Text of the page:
Our Air NZ flight from Melbourne to Auckland was great, love the setup of the 777. Best design we’ve had in business class: Six across seating; very comfortable “pods,” each with an aisle, so you don’t have to crawl over anyone. You can get out while your table is up; simply push it forward. Flight attendants are great, so is the wine selection, with descriptions of the different NZ wine regions available on the entertainment system. Lots of movies, much better selection than UAL, all for a flight that is slightly over 3 hours. After sampling a few excellent NZ wines over lunch, we were concerned we’d need to be wheeled off the plane! We are flying Air New Zealand back to LA and are looking forward to more of the same high standard.
Mr. Fussy had nothing to complain about. Horrors! Without a doubt, this was one of the nicest flights we’ve ever taken. And it’s not often anyone can say that these days….
As you enter the Auckland airport after clearing customs, you are welcomed in Maori style.
Our driver Maggie gave us a lively commentary as we drove into Auckland, the City of Sails. Auckland is on a narrow peninsula–narrowest part of country– with the Tasman Sea to the West and the Pacific to the East. Largest city in NZ, it is home to about 1.3 million people. Of the country’s 4.6 million residents, about 80% live on the North Island.
We are staying at the Sofitel on the harbor, very conveniently located near restaurants. We walked around the harbor to Soul, a lively restaurant where Don enjoyed his local fish (which you can’t see much of because it was smothered in peas!) and I had rack of lamb with amazing eggplant fries.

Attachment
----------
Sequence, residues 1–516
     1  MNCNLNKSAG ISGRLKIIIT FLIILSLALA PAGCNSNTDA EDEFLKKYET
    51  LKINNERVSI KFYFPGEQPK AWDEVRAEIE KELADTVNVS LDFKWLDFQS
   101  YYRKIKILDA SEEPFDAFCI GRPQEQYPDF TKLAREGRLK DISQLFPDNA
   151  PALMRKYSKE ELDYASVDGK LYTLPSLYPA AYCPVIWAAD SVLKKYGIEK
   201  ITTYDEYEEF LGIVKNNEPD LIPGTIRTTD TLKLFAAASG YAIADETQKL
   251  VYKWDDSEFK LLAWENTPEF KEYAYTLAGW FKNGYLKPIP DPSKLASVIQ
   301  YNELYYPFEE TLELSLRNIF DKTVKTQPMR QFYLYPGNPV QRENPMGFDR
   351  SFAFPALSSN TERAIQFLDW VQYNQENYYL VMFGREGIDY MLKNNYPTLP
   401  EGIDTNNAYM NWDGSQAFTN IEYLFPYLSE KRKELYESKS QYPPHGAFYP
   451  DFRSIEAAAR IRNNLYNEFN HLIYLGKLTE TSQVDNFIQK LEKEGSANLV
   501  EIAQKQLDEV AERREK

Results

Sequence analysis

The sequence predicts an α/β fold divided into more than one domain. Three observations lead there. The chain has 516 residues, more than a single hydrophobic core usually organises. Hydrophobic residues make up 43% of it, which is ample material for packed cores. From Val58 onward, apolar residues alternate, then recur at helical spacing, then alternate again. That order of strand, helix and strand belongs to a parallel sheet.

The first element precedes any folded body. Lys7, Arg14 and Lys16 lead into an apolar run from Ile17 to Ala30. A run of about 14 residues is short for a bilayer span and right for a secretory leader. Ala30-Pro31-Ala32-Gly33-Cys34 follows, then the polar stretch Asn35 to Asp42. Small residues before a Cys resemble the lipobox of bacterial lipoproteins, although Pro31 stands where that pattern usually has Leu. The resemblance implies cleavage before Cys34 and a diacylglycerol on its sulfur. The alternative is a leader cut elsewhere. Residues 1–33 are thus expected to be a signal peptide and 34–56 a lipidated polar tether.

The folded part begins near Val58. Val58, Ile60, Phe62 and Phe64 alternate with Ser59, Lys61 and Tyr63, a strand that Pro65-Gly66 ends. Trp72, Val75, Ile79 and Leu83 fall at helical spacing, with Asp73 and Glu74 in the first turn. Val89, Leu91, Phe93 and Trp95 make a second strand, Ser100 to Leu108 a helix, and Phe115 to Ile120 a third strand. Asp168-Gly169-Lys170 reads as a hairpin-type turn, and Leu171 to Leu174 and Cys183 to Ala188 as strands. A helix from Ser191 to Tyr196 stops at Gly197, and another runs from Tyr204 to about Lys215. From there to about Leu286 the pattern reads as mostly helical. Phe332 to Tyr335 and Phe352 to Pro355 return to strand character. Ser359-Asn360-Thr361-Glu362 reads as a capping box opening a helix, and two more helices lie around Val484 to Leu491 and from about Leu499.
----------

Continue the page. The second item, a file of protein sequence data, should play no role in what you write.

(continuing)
Walking back we had a lovely view of the Sky Tower at night.
The next morning we were delighted that our good weather has continued to follow us. It was a lovely crisp fall, er, spring day for our outing to Waiheke Island. The 12 mile ferry ride over gave us a great view of downtown, the suburbs, and harbor islands.
Our guide for the day was Steve from Ananda Tours, who lives on the Island. Waiheke is 18 miles long and covers 23,000 acres. The Maori settled Waiheke Island and other areas of New Zealand a mere 800 years ago, quite recently in the greater scheme of things. Waiheke means cascading waters in Maori. Captain Cook arrived here in 1769 but didn’t stay long enough to sail into the harbor, moving on to Australia (I think!).
It is home to more than 30 wineries, several of which we visited. The wines here are of high quality, with many wineries yielding just one bottle per vine, rather than 5-6 as is more typical. The microclimate is 2-3° warmer than Auckland, with less rain. Its deep clay soil is mineral rich and produces lush wines.
After tasting the red wines at Te Moto, we toured the island and enjoyed the scenic vistas, such as these of Palm Beach.
Our tasting and lunch at Mudbrick Winery was tops. We very much liked the Chardonnay and Rosé–even Mr. Fussy, who isn’t usually a rosé drinker, like this one. I convinced him that we should buy a bottle. After all, he bought a bottle of gin at duty free in Auckland, at my urging; shouldn’t I have something to drink while he enjoys his martinis? He couldn’t argue with that logic!
We both had this savory scampi, clam, and chorizo dish for lunch. It was served on a bed of fregola (a small pasta)
, and seasoned with Spanish paprika, fennel seeds, coriander, tomato, and bell pepper (called capsicum here and in Australia). Yes, it was so good I asked what was in it!
It was a delightful day, and we agreed that New Zealand wines were more to our liking than the Australian ones we’d had.
On the ferry returning to Auckland, I watched this America’s Cup boat sail through the brisk winds in the harbor. (You can arrange to sail on an America’s Cup class boat, but we didn’t take advantage of the opportunity. Nor did we opt to try bungy jumping off the Sky Tower!)
I enjoyed looking at all the boats in the marina near the hotel as we walked back.